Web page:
Föräldrars upplevelser av att leva med ett barn som har typ 1 diabetes

Montes, Carolina, Olsson, Cecilia January 2012 (has links)
Background Type 1 diabetes is a chronically disease that often occurs in early life. In every year around 77.000 children in the world is estimated with type 1 diabetes. When a child gets a chronically disease it affects the whole family, specially the parents who will be the child's caregiver. Aim The aim of this study was to describe parents experiences of living with a child with type 1 diabetes. Method A literature review was carried trough based on 10 qualitative scientific articles. The articles were analyzed and two main themes and seven subthemes emerged. Results All parents experienced that they needed some kind of support particularly early in their illness. They felt it was a big responsibility to take care of their child with diabetes and parents often felt anxiety and fear associated with the disease. Not having constant control over their child the parents experienced as a pain. Increased knowledge and experience contributed the parents to feel security and found it easier to manage their child's illness. Conclusion It's normal for parents of children with a chronical illness to experience different emotions such as anxiety, fear, control needs and guilt. Therefore it's important that health care focuses on supporting and educates parents in caring for their child with diabetes.
10

The Relation Between Family Functioning, Health-related Quality of Life, and Metabolic Control in Children and Adolescents with Type 1 Diabetes

Lawrence, Kelly Ann 2010 August 1900 (has links)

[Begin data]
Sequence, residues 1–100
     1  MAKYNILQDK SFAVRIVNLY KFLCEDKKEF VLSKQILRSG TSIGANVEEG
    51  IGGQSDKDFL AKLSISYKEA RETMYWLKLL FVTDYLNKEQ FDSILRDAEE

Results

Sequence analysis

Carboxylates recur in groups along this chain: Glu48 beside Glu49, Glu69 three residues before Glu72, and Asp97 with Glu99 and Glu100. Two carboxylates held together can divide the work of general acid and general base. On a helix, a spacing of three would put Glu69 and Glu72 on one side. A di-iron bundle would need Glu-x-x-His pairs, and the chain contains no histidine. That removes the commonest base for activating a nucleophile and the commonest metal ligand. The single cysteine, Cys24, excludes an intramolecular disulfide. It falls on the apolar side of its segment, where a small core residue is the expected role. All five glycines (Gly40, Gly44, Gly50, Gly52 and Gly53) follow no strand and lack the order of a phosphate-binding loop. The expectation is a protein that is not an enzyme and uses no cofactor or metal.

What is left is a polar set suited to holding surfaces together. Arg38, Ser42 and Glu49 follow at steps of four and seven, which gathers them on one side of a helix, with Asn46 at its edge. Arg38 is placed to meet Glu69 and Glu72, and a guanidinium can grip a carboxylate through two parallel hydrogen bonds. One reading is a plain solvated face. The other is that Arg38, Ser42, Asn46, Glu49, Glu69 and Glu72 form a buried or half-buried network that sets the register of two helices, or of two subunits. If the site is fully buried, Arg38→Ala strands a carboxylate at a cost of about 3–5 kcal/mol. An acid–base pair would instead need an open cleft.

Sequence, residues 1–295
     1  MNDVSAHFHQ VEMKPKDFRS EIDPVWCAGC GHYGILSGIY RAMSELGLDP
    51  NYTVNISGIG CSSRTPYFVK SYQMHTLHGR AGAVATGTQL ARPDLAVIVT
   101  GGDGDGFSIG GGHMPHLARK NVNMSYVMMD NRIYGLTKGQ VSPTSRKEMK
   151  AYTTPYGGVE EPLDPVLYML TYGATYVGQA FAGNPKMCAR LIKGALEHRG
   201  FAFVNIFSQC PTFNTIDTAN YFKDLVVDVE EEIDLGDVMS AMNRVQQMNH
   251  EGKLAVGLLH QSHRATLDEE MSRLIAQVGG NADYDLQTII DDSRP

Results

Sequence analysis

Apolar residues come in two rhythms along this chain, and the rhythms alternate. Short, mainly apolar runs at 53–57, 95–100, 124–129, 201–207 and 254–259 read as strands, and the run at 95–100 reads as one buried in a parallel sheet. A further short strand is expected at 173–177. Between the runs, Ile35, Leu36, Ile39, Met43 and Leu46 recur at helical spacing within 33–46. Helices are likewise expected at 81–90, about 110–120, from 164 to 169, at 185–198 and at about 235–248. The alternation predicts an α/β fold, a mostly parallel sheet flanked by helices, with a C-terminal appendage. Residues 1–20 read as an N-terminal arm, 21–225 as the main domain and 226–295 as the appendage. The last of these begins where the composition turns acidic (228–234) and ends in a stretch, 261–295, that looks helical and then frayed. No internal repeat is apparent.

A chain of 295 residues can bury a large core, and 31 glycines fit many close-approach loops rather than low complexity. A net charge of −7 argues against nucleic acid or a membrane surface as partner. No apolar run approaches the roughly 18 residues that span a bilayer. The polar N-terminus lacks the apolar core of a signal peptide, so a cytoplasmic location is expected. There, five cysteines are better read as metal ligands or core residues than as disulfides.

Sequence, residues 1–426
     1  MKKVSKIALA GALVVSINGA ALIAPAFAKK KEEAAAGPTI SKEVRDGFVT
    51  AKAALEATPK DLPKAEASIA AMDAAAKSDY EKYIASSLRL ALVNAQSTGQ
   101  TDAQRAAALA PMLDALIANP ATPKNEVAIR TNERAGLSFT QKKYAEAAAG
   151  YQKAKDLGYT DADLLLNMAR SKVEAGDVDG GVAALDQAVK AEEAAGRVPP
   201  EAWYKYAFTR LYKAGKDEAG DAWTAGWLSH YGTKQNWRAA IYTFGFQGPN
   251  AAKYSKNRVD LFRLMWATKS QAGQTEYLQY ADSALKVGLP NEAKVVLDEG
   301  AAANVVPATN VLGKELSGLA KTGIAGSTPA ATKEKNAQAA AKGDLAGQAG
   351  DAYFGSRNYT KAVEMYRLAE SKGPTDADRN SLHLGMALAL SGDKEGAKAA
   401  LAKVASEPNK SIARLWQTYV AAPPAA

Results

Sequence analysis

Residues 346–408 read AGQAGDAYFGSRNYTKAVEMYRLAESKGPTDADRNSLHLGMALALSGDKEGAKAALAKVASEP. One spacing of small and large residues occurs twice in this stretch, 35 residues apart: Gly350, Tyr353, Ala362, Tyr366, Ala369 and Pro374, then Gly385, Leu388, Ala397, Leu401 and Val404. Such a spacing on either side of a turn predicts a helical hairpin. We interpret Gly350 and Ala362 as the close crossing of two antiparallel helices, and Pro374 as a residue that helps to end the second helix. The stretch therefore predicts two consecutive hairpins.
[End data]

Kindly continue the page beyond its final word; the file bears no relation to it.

The purpose of this study was to examine the relationship between family functioning, health-related quality of life, and metabolic control in order to identify areas for intervention that can improve medical and psychosocial outcomes for children and adolescents with type 1 diabetes. Children (N = 45) ages 8-17, both male and female, with type 1 diabetes, along with one caregiver (parent or legal guardian) (N = 45) were asked to complete the Pediatric Quality of Life Inventory (PedsQL) generic and diabetes-specific form to assess health-related quality of life along with the Diabetes Family Behavior Checklist and the Family Relationship Index of the Family Environment Scale to assess family functioning. Recent Hemoglobin A1c (A1c) was obtained from the physician at their visit or by parent report to assess metabolic control. Results indicated a significant relationship with poorer metabolic control relating to poorer physical health-related quality of life, as reported by children. All reports indicated a significant correlation between metabolic control and both general and diabetes specific health-related quality of life. There was a significant relationship with mother’s educational level on the outcome variables; educational level was therefore used as a control variable in all regression analyses. Child-reported general family functioning accounted for a significant amount of variance in child reported general health-related quality of life. Parent score on the non-supportive scale for diabetes specific family functioning accounted for a significant amount of variance in parent reported general health-related quality of life and diabetes specific health-related quality of life for their child. Results demonstrated the importance of obtaining both child and parent perspectives on issues regarding general family functioning and health-related quality of life and diabetes specific family functioning and health-related quality of life. In addition, they illustrated the importance of assessing health-related quality of life for children with diabetes as opposed to merely looking at the physical effects.